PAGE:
US-based manufacturer and store franchise Rocky Mountain Chocolate Factory has signed a licensing agreement enabling it to enter Japan.
The Company will pay a Master License Fee to RMCF Asia, giving the Hong-Kong-based business the right to open Rocky Mountain Chocolate Factory stores throughout Japan.
RMCF Asia will also open test stores in Hong Kong and Shanghai with the hope of also breaking into China.
International expansion integral to growth
Franklin Crail, Chairman and CEO of Rocky Mountain said: “With our entry into Japan and potentially into China, we believe an international expansion in Asia and other countries could play a very significant role in our Company's growth for the foreseeable future."
"Japanese consumers have exhibited great enthusiasm for our brand and our products, as evidenced by the strong sales generated by a test Rocky Mountain Chocolate Factory store that our licensing partner opened in the upscale AEON Lake Town Mall in a suburb of Tokyo in December 2011, and we expect that consumers in other Asian countries will show the same enthusiasm we have seen to date in Japan,” he continued.
The agreement requires at least 10 new stores to open each year for 10 years, meaning a minimum of 100 stores by 2022.
The licensee RMCF Asia has been give first refusal on an exclusive license for stores in China Taiwan and South Korea.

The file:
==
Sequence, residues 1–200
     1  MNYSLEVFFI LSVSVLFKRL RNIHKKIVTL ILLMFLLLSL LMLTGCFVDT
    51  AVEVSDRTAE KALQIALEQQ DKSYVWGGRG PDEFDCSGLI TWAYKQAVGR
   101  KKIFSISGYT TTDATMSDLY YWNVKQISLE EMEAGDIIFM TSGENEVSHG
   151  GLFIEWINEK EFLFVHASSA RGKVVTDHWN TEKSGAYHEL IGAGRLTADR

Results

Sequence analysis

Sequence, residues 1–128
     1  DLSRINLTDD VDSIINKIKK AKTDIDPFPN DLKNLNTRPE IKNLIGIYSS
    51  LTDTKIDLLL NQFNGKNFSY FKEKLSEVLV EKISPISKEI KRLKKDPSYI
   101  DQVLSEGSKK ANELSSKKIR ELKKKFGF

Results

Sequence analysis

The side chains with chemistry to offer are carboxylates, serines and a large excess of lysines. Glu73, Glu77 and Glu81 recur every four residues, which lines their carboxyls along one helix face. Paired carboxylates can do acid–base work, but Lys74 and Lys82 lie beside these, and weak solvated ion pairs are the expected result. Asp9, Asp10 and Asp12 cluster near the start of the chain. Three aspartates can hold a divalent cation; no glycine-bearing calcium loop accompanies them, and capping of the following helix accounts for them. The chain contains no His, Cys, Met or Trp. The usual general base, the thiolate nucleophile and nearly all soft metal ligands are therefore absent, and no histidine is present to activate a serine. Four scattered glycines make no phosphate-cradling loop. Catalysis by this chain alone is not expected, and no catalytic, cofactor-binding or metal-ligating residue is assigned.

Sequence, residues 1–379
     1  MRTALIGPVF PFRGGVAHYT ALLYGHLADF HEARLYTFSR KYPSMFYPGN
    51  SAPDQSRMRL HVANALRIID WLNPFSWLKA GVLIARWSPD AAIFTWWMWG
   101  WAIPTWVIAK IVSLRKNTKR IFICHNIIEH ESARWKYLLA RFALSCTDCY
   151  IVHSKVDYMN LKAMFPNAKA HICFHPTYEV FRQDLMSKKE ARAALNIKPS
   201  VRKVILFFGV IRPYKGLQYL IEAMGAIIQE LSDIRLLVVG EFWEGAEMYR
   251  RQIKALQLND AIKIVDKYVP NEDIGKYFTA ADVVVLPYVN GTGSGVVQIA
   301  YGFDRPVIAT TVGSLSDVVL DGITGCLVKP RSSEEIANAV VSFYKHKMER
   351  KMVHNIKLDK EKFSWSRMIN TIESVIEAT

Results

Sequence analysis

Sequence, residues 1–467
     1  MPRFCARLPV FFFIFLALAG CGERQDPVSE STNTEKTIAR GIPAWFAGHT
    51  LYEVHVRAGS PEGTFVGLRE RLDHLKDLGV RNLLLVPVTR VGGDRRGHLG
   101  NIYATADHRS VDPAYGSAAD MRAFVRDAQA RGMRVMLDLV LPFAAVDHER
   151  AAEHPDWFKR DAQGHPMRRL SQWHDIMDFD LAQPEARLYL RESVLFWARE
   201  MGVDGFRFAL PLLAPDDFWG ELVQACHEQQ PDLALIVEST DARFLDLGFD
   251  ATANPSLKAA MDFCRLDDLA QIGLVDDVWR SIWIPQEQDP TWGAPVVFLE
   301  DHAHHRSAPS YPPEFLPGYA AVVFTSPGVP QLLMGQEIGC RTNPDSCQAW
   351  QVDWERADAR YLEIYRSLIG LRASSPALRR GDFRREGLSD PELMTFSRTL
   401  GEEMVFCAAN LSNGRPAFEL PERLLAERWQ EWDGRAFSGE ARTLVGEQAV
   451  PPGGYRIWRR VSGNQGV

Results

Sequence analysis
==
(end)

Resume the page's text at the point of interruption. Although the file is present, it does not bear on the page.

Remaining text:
Rocky Mountain manufactures its own gourmet chocolates and currently operates 371 franchise stores in the US, Canada, Japan and the United Arab Emirates.
American brands popular in Far East
Bryan Merryman, chief operating officer of the company added: “We view the Master License Agreement in Japan as the blueprint for an aggressive international expansion initiative that can accelerate the growth of our retail store network and eventually introduce our gourmet chocolates and other confectionery products to consumers on a global scale."
He said the company would pro-actively seek out prospective international licensees to foster global growth.
Rocky Mountain had been operating a test store in a Tokyo mall for the past four months. Sales in this store were on course to outpace the average Rocky Mountain store in the US.
"Consumer enthusiasm for our chocolate products, as evidenced by the performance of this test store, combined with the popularity of American brands in the Far East, supports our confidence that Japan can become a major market for our products in the future," said Merryman.
Last week, Rocky Mountain announced its fourth quarter and full-year 2012 results.
For the year, the company recorded sales of $34.6m, up 11.2% on 2011. Profit was essentially flat at around $3.9m.